We all know that walnuts are good for us, but do you know why? There are a number of reasons for that, and this study (1) examined some of them in depth. 28 subjects with high body mass index, but without diabetes, were selected to test walnuts’ effect on the body. In particular, the test set out to determine why these nuts are associated with better metabolic health.

Two types of meals were selected for the participants: either a standard meal, or one that had walnuts incorporated. Macronutrients (Protein, Carbohydrate and Fat) for both were determined to be appropriately matched so there was as little variation as possible between them.

 

(Both types of meals involved the exciting combination of sugar-free jam and processed whole wheat bread. Because that’s not a meal anyone would get tired of really quickly…)

At the end of the study, they found that the group consuming the walnut meal had reduced post-meal insulin levels.

It should be noted, however, that the two meals tested were exactly the same, except that the walnuts were replaced with cream cheese in the second group.

Although the authors said that the two meals were equivalent, there’s actually a few key differences: walnuts contain 2.8 grams of fibre per serving, whereas cream cheese doesn’t contain any.

The second difference to to take note of is that we know that the protein present in cream cheese (which is high in branched chain amino acids) stimulates more insulin release.

Fatty Acids VS Saturated Fats

At the end of the study, the authors concluded that it was the types of fats between the two ingredient types that made the difference. Walnuts are primarily comprised of polyunsaturated fats, while cream cheese is in saturated fat-land.

The difference noted was related primarily to increased insulin release. We already know that butter—which is high in saturated fat—provokes almost no insulin release, so the lower insulin levels were most likely related to two other factors: increased fibre, and walnuts’ different amino acid profile.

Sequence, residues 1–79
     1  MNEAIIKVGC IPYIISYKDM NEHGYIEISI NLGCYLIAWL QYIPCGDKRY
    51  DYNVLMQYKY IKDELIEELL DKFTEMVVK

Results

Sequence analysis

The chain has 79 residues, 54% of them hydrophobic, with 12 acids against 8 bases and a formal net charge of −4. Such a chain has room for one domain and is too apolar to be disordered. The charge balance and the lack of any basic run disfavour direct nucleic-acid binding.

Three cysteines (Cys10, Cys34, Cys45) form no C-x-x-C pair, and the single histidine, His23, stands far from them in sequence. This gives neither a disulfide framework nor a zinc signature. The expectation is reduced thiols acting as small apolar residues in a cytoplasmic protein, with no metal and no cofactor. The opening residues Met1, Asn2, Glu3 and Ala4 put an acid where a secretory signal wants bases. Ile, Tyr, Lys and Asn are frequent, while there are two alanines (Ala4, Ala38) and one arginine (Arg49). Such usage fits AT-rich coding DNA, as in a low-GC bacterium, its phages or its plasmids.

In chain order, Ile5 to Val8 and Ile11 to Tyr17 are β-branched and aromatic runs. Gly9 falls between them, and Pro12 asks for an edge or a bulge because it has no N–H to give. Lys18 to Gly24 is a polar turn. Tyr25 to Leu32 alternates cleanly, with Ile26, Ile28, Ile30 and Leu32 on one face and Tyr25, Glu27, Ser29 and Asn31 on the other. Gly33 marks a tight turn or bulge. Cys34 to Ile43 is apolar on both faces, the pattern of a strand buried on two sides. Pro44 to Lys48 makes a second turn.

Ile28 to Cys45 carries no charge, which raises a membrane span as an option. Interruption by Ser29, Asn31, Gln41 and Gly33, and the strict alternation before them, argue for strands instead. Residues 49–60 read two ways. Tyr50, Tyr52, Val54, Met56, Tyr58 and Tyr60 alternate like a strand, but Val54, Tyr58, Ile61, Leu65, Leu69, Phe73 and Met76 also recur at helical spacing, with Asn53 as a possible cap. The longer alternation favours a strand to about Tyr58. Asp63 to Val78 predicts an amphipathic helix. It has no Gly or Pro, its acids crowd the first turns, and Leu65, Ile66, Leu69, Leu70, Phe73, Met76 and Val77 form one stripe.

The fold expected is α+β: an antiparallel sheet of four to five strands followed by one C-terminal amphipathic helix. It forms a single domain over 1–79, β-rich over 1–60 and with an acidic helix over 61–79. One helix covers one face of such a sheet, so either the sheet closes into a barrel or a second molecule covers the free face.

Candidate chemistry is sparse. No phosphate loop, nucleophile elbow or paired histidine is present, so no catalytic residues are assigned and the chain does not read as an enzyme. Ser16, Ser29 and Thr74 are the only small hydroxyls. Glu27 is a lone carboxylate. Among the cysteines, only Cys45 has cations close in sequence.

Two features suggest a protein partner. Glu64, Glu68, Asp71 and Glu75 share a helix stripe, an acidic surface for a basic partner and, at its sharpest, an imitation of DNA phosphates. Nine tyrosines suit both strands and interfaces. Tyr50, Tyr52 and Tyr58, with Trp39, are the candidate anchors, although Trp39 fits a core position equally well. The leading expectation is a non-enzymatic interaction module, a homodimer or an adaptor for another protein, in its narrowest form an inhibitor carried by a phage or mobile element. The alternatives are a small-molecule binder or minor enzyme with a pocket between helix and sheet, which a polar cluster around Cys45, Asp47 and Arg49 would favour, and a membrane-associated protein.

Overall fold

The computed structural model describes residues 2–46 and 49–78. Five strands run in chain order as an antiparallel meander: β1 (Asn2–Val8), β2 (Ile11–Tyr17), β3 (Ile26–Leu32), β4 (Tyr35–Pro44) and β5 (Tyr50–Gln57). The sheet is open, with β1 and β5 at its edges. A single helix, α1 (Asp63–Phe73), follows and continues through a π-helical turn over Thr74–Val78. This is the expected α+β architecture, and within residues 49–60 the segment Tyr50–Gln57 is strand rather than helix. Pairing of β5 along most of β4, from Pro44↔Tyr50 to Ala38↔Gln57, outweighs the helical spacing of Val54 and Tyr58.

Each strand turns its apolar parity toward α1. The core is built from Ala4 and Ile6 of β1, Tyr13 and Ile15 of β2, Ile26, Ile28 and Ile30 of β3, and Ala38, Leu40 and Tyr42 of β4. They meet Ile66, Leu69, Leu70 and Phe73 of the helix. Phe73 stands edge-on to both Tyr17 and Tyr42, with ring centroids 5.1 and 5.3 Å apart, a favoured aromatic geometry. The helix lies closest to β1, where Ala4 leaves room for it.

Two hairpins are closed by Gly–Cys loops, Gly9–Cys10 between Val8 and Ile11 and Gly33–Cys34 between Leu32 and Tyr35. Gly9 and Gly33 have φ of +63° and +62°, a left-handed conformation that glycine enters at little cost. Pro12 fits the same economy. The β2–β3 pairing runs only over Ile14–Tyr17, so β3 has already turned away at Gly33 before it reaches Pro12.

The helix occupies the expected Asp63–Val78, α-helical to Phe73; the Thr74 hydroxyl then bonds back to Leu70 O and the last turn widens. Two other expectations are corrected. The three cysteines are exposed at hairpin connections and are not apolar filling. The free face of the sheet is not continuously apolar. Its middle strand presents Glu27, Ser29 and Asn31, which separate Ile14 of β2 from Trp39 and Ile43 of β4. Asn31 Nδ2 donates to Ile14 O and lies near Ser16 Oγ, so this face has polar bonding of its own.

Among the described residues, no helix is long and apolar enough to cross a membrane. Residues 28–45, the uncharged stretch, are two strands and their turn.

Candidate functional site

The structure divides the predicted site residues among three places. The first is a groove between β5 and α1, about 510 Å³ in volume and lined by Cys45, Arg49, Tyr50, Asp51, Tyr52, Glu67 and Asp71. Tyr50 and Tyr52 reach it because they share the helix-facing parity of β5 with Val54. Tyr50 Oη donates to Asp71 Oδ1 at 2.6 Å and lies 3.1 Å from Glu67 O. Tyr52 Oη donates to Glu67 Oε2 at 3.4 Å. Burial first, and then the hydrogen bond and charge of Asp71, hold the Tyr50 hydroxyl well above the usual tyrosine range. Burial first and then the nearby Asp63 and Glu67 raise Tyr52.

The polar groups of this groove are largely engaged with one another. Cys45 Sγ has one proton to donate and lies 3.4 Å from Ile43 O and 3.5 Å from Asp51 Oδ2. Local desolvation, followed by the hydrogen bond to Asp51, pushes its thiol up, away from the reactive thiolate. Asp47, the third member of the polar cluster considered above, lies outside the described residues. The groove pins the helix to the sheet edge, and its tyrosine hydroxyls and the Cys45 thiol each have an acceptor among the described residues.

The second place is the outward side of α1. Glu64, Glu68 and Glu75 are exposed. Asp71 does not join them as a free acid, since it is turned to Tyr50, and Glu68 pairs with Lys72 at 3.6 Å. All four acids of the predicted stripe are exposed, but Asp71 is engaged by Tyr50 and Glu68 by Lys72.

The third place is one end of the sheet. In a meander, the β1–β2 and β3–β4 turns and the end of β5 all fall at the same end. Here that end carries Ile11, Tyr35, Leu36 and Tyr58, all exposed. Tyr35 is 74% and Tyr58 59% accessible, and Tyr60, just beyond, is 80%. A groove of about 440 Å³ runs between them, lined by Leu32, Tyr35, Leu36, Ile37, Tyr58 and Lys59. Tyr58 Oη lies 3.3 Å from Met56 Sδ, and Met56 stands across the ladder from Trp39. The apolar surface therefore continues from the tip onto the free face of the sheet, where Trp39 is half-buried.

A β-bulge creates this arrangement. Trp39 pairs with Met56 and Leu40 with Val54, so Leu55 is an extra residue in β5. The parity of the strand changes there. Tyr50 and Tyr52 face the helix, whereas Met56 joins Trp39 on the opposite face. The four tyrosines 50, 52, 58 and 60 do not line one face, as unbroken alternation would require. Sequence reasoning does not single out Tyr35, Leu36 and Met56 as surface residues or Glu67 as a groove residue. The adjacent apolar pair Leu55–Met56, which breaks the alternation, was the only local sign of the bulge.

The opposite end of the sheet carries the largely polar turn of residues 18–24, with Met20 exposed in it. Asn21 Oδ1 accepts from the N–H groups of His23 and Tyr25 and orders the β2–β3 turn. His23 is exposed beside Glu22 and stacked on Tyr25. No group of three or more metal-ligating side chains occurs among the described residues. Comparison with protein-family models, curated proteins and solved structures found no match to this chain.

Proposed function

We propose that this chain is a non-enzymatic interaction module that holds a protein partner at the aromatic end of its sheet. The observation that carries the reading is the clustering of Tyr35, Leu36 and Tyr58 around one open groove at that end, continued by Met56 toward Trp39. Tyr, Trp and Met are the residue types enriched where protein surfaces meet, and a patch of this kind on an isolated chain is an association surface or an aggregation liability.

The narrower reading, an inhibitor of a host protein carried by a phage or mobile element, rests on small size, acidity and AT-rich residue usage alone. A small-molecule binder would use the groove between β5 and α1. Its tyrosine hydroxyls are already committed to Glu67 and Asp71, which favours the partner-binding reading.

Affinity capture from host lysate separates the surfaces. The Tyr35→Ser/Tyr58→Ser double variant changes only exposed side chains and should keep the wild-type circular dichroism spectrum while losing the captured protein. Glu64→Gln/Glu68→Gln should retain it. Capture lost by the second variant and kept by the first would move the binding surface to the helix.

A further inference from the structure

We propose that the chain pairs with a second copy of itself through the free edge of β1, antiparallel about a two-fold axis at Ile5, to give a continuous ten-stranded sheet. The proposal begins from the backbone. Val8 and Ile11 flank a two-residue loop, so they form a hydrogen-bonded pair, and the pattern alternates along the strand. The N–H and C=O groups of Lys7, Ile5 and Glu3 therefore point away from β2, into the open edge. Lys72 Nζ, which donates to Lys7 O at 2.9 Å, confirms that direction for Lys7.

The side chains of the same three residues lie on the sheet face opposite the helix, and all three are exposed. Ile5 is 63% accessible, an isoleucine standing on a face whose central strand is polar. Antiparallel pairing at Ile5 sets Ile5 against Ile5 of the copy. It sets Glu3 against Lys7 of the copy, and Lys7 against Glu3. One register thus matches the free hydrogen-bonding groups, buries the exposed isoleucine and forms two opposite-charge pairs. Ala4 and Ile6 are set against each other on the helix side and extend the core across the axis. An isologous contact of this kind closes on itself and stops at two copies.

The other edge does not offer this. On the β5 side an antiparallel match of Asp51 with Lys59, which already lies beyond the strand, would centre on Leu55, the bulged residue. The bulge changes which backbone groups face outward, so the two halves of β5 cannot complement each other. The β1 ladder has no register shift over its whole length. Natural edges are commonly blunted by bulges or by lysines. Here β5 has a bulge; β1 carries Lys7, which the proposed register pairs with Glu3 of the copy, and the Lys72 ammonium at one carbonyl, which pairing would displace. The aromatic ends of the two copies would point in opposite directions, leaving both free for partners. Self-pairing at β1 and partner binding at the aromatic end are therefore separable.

Additionally, it’s interesting to note that those in the walnut group experienced an increase in glucagon after 120 minutes. This is something normally seen after higher-protein meals, which is also typically associated with more stable blood sugars.

In a way, glucagon acts in opposition to insulin, helping to bring extra energy out of storage. Insulin, on the other hand, is associated with fat storage and blocks fat burning.

The walnut meal contained both more fat, and more protein than the cream cheese meal. It’s known that this combination, with the addition of fibre, causes blood sugar stability for longer periods of time. This results in a lower insulin peak directly after a meal.

The conclusion?
Walnuts are definitely good for our metabolisms, this is clear, but another food with a similar composition (like another type of nut) could likely provide the same benefits. It is also important to note that this study was funded by the California Walnut Commission. Additionally, fibre and certain types of amino acids will indeed affect insulin response after meals. Either way, we can see that eating walnuts or other nuts is definitely good for our metabolic health.

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